1966 27.14 13.79 40.29 9.84 2.40 4.52 2.03
1967 33.74 15.53 32.55 8.22 2.88 5.29 1.79
1968 33.46 14.41 32.58 9.66 2.90 5.68 1.31
1969 33.88 16.68 29.37 8.55 3.62 5.28 2.62
1970 38.84 18.83 13.22 11.42 3.86 7.61 6.23
1971 35.89 13.27 21.96 13.24 2.53 6.61 6.50
1972 36.92 14.49 16.56 16.86 3.76 6.60 4.80
1973 31.77 13.56 18.23 19.89 4.08 7.27 5.22
1974 29.37 11.06 31.35 13.36 2.09 7.33 5.45
1975 24.85 11.57 33.23 13.59 3.10 8.10 5.56
1976 23.31 11.74 39.07 12.52 2.62 7.73 3.02
1977 27.27 12.86 27.63 13.00 2.33 8.76 8.15
1978 30.72 14.60 23.40 9.55 2.06 8.42 11.25
1979 34.91 14.05 22.21 8.99 1.63 9.06 9.16
1980 29.74 11.55 27.45 13.14 2.92 9.50 5.71
1981 26.45 12.22 34.48 12.67 2.10 8.14 3.93
1982 24.99 14.93 35.33 10.45 1.87 7.76 4.67
1983 24.99 13.66 32.38 9.56 2.67 9.09 7.66
1984 26.18 14.80 27.83 10.05 2.31 9.45 9.37
1985 25.99 13.98 30.61 11.46 1.82 8.16 7.98
1986 26.78 16.98 29.87 11.31 3.04 5.89 6.14
1987 34.31 19.39 20.30 9.65 2.99 7.00 6.35
1988 34.78 15.03 22.93 8.16 3.50 5.82 9.79
1989 32.37 13.62 28.42 9.34 3.67 6.25 6.32
1990 31.03 14.98 30.11 8.79 3.04 6.03 6.03
1991 35.26 15.91 24.70 7.07 3.35 5.69 8.01
1992 38.25 15.02 24.20 6.91 3.27 4.61 7.74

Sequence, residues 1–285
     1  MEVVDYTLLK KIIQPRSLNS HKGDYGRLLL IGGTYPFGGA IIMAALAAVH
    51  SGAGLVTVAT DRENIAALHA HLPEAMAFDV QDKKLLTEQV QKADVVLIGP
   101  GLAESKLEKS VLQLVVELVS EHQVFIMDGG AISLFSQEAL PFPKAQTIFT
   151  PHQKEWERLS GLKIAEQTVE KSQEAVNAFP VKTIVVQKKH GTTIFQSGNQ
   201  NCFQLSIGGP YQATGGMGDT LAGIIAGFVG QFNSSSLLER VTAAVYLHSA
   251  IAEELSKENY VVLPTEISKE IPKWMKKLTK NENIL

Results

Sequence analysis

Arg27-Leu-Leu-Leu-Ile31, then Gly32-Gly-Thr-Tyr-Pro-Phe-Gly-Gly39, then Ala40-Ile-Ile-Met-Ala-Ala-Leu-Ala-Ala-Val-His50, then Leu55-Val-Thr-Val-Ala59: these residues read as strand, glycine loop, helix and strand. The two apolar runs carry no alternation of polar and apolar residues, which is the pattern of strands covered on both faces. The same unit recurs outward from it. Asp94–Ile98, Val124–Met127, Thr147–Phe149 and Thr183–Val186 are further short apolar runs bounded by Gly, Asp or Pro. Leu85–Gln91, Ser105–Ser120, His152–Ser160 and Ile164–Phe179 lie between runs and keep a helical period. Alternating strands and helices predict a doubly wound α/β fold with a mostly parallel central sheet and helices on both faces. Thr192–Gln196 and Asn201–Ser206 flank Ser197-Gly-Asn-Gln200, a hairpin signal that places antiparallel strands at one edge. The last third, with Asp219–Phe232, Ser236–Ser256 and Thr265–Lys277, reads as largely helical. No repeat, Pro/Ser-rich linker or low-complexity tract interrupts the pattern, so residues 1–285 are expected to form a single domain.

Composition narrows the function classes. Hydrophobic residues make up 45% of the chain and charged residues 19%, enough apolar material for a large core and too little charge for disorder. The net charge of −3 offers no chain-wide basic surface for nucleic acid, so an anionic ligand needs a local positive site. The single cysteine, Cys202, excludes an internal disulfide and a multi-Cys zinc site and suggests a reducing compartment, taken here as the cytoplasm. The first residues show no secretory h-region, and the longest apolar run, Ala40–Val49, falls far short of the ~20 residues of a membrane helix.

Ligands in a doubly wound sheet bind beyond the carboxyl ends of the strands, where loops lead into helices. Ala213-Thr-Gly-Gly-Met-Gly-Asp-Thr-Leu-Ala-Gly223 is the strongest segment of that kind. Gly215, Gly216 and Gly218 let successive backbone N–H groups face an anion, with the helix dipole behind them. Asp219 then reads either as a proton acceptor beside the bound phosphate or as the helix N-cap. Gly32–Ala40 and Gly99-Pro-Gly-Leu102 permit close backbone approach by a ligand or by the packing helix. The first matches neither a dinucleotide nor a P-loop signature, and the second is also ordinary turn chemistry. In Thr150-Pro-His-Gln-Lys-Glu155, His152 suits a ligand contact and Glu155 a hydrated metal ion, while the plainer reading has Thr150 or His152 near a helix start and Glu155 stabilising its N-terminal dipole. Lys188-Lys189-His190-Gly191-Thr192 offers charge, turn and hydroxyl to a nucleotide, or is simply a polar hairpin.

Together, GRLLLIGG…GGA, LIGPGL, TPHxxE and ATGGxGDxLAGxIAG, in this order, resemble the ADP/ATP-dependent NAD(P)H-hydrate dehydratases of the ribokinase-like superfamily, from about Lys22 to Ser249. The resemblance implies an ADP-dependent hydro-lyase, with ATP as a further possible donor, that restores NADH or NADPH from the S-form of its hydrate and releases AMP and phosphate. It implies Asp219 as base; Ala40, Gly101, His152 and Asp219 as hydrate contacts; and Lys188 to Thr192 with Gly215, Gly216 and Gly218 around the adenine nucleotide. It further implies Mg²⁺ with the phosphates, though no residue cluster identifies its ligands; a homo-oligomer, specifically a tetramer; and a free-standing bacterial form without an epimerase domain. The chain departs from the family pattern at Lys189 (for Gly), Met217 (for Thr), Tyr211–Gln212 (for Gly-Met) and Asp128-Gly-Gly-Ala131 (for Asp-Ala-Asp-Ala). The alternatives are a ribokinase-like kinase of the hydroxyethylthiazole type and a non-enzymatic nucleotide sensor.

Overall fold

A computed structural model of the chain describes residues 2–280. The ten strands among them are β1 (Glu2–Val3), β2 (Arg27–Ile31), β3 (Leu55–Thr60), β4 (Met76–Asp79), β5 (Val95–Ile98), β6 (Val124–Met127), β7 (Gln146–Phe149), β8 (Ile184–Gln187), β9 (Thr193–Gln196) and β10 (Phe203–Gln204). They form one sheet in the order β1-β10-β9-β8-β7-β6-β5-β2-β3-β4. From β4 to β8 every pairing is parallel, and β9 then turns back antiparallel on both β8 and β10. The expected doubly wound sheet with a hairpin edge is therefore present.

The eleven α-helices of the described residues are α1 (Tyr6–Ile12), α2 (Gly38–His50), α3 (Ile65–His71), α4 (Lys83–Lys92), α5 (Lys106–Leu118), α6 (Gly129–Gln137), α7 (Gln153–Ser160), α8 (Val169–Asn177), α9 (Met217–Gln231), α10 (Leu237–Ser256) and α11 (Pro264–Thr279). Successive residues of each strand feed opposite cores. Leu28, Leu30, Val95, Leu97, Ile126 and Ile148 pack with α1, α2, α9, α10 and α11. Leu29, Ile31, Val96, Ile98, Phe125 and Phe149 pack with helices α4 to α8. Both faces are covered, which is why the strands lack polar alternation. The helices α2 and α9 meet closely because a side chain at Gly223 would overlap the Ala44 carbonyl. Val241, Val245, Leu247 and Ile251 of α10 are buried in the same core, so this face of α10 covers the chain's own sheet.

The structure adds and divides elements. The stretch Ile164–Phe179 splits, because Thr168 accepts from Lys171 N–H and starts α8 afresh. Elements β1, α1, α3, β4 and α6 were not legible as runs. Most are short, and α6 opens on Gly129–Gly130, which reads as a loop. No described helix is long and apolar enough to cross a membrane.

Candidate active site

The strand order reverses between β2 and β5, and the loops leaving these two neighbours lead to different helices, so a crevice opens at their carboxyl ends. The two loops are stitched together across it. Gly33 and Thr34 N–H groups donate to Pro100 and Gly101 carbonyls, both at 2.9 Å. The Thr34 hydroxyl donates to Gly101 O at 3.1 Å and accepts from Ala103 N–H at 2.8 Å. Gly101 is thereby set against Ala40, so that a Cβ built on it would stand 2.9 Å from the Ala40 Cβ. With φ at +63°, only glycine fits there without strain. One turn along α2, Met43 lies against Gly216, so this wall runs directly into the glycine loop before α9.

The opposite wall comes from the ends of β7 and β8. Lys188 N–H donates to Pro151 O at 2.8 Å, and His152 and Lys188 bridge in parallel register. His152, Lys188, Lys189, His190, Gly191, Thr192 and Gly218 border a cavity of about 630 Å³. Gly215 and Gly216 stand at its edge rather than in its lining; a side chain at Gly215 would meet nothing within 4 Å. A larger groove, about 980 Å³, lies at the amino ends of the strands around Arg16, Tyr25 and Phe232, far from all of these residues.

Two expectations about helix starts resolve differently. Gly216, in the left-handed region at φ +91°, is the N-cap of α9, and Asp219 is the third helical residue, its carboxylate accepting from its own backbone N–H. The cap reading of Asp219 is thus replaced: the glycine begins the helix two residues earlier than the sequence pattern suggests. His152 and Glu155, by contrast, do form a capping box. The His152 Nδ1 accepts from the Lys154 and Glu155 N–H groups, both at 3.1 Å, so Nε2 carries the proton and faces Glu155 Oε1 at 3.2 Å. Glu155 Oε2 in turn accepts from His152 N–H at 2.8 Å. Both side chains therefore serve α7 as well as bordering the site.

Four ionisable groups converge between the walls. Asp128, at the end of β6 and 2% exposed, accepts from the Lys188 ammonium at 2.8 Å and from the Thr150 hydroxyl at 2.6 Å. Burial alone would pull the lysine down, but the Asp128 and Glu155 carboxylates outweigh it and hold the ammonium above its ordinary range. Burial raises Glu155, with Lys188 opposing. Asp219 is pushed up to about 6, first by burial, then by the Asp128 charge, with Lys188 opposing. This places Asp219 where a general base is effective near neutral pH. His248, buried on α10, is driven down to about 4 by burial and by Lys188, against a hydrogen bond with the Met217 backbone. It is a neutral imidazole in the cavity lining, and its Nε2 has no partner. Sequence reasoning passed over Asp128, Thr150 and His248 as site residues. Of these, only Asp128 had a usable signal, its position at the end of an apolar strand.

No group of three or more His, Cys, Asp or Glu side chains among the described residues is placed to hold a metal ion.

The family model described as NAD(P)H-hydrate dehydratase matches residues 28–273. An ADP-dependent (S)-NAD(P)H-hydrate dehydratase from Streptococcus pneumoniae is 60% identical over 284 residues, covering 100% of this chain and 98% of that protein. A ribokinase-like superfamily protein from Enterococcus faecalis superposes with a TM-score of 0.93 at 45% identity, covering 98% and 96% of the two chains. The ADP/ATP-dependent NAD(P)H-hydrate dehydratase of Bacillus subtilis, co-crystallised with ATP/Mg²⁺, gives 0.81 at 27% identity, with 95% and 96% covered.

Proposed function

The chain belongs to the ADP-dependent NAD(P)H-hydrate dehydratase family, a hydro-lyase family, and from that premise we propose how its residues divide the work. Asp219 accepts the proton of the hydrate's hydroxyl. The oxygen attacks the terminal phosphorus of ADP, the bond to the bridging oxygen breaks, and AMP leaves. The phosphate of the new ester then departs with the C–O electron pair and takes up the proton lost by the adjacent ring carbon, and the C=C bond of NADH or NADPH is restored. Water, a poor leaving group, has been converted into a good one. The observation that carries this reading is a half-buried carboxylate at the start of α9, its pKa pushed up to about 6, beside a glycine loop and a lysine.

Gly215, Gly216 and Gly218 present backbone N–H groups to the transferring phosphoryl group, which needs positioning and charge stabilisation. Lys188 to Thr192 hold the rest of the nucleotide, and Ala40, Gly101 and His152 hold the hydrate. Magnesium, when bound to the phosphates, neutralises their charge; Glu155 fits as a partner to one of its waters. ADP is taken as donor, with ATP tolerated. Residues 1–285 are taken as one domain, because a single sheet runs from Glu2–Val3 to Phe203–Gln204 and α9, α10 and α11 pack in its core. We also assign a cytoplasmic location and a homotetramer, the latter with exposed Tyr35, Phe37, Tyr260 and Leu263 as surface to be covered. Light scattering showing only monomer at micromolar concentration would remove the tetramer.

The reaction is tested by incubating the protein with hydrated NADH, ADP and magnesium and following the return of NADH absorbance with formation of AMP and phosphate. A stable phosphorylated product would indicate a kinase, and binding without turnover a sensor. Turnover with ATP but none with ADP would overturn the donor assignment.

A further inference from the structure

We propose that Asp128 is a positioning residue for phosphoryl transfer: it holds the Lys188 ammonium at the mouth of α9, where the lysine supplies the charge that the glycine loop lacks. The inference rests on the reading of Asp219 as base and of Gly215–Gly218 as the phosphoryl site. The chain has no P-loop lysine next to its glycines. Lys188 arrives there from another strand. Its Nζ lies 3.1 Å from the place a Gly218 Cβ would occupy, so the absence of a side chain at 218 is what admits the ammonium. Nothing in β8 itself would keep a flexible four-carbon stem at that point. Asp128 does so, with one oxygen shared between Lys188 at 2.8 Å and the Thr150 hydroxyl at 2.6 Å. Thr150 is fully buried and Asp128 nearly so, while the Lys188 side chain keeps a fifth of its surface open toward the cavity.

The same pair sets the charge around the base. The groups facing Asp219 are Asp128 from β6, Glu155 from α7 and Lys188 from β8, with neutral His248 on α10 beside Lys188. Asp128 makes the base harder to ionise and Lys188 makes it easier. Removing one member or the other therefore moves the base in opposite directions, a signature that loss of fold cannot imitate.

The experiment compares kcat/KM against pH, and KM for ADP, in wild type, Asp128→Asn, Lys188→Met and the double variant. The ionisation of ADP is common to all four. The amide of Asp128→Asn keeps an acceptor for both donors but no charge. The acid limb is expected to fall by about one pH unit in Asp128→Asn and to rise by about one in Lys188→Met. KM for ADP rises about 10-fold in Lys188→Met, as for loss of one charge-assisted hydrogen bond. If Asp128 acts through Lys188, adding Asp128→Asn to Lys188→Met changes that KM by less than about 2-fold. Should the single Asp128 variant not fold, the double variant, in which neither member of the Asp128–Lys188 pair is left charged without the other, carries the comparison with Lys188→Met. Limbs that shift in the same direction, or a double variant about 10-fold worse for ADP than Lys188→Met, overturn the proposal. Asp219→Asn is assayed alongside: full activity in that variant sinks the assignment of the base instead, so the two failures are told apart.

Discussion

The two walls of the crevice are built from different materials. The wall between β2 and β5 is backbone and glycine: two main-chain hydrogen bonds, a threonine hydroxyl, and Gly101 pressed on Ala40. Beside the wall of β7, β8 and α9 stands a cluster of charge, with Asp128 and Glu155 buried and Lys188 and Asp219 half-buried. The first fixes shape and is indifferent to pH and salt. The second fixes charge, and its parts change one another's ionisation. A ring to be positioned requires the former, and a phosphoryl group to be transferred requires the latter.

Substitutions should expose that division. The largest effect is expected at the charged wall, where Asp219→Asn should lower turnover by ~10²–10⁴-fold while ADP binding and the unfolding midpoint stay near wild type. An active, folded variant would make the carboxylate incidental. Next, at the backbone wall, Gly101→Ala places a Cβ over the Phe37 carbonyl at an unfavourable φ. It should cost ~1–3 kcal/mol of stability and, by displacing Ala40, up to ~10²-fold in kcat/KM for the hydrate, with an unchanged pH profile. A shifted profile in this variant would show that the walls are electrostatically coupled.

1993 38.24 14.48 21.69 6.47 4.04 4.66 10.42
1994 35.75 13.84 19.41 6.23 4.00 4.96 15.81
1995 30.57 13.55 26.57 8.12 3.63 4.96 12.59
1996 24.53 14.72 31.77 10.55 2.85 6.51 9.07
1997 29.91 17.88 22.45 8.34 3.89 5.14 12.38
1998 32.30 13.32 21.89 7.53 4.43 5.52 15.00
1999 35.53 13.95 21.26 7.18 4.32 4.83 12.91
2000 40.10 18.58 18.21 6.89 4.00 3.74 8.49
2001 40.79 20.13 16.85 6.23 5.03 4.41 6.56
2002 40.39 18.69 16.63 5.20 5.63 5.62 7.84
2003 31.10 19.18 18.89 8.49 5.02 5.95 11.37
2004 28.24 22.99 19.54 7.16 4.56 5.39 12.14
2005 33.78 21.86 15.91 6.23 5.36 4.40 12.47
2006 34.48 19.27 17.11 5.46 5.42 5.45 12.82
2007 30.52 15.30 19.98 7.35 4.71 6.40 15.75
2008 21.52 11.28 28.51 7.13 4.49 5.90 21.16
2009 26.23 13.03 21.61 4.72 4.96 6.34 23.09
2010 26.77 15.50 17.98 4.24 4.43 7.50 23.57
2011 22.07 13.98 19.81 4.42 3.56 9.28 26.87
2012 23.97 12.86 18.07 5.27 2.77 10.47 26.59
2013 22.53 12.48 17.00 5.96 3.45 9.16 29.43
2014 34.69 15.81 16.65 3.13 3.10 5.73 20.88
2015 39.70 12.06 14.72 3.51 3.09 5.81 21.11

### 4.3 Examining the utility of the long-run Bank of Canada commodity price index: 1870 to 2015

The historical chain index values that have been linked to the modern BCPI are shown in Chart 6, and the accompanying compound annual growth rates by decade are reported in Table 7. To examine the utility of the index calculations, two approaches are taken. In both approaches, the goal is to understand the characteristics of the long-run BCPI, to identify the types of uses it is most appropriate for.

The first approach examines the behaviour of the historical BCPI values with respect to major economic events.